Being in the know matters. With a job title like controller, you need to keep up with all the latest at your organization to understand how it affects the finances. Luckily, for those organizations who embrace it, financial analytics provides the insights needed to improve decisions and position firms for greater understanding.
In a recent blog discussing the importance of learning new skills, we noted that finance professionals including the controller need to understand the role of transformative technologies, understand how to improve reporting and connect with the rest of the organization and ultimately communicate more effectively.
In this, we also noted that the world has to go beyond reporting into a truly business-focused analytics process that incorporates a broader perspective than a simply finance-focused analysis process. But what goes into improved analytics? How can it improve everything from audit and assurance to broader business decision making? A recent survey from APQC analyzed the evolution of and use cases for finance analytics.
The Rapid Maturation of Finance Analytics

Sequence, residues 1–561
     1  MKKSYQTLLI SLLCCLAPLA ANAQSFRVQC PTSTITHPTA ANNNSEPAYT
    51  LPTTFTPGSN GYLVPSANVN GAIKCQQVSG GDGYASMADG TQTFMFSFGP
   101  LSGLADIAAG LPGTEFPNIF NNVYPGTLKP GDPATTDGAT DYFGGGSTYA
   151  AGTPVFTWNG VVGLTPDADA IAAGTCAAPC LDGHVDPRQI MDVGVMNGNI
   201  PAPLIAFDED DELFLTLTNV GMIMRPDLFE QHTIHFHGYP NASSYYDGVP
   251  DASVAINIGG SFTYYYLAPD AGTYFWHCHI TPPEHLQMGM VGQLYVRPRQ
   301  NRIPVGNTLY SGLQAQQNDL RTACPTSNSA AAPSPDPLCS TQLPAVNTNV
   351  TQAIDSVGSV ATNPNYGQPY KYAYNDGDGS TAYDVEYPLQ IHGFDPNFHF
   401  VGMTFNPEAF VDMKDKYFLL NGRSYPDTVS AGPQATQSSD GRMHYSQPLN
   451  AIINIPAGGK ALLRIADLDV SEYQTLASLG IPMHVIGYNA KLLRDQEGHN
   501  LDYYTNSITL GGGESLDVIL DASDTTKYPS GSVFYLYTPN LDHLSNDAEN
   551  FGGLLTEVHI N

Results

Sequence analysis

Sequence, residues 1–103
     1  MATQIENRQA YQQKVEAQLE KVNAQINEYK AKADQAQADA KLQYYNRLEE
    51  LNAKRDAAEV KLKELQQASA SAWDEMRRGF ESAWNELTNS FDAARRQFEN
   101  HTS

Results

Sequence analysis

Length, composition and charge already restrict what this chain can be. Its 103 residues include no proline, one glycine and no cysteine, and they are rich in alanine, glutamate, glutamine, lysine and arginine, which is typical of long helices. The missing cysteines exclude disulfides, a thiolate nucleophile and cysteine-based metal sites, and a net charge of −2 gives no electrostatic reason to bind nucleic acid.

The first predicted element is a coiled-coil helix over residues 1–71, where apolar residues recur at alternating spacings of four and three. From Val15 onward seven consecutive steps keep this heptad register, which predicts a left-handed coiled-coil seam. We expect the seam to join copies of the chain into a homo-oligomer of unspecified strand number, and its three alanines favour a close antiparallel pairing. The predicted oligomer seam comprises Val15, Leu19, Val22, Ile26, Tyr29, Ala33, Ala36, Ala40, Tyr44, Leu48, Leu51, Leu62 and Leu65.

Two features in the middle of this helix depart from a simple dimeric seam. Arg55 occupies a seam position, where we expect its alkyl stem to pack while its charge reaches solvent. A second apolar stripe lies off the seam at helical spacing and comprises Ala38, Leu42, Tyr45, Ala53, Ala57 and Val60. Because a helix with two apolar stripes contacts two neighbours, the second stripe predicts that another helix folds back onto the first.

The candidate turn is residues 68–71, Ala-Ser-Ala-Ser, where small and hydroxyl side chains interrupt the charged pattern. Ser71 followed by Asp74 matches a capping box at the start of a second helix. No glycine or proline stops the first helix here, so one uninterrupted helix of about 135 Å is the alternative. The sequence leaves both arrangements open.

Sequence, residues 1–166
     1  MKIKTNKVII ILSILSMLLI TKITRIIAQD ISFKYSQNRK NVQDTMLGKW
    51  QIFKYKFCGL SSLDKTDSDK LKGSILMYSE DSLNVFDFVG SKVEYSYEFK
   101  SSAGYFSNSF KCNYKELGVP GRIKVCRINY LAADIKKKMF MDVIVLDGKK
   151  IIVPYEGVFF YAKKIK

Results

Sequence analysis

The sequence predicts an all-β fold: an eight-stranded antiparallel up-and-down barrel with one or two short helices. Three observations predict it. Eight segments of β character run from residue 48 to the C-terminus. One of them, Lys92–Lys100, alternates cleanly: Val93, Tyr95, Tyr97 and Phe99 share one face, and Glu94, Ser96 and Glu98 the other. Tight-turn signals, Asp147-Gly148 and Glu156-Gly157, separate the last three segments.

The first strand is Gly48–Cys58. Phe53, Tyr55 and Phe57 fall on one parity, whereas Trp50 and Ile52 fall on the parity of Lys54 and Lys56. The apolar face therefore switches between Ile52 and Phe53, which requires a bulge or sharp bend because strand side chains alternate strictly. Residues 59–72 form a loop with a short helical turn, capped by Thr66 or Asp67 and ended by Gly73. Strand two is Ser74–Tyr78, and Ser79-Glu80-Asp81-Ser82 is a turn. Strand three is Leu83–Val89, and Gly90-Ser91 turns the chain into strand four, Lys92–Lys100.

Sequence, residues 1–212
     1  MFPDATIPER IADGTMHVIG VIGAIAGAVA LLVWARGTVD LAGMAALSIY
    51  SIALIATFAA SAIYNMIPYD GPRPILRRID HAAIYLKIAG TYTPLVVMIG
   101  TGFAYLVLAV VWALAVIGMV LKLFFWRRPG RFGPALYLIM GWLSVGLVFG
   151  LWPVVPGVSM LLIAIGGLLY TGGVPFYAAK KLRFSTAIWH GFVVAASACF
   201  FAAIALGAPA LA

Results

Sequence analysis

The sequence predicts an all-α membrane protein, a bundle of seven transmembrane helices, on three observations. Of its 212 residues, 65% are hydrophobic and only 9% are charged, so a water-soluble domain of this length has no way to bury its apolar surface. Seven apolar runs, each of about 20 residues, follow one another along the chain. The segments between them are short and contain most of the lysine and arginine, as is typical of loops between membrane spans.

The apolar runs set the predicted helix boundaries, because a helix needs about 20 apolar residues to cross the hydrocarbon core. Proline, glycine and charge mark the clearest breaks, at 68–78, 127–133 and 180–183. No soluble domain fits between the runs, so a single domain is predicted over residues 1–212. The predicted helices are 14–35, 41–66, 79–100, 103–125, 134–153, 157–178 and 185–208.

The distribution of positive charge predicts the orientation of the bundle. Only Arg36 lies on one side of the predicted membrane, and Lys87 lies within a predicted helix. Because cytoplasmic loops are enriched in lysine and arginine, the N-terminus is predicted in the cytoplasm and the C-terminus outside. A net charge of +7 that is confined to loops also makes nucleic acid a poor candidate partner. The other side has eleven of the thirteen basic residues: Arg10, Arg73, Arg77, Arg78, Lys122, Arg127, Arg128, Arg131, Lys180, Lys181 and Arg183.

As defined by APQC, Finance analytics is the process of searching for and gathering meaningful insights from financial data, often in combination with other business data, to inform decision-making.
For the past few decades, finance has been looking for better ways to understand what matters. In this, many companies have considered finance analytics to piece together the data and improve decisions. This has turned to end users seeking out alternatives to the basics, using tools to connect more data, provide more ways to slice and dice information, and understand more about the underlying causes.
In turn, this has led to a rapid evolution of the tools needed to do the job, and according to their recent survey, APQC notes that finance analytics is maturing at an accelerated pace.
“We know that strong finance analytics can positively impact a range of business outcomes: risk mitigation, customer satisfaction, and bottom-line results among them. Moreover, analytics is the lever by which finance can distinguish itself as a valued business partner to the organization. When finance has data-based insights at the ready, senior leaders come knocking.”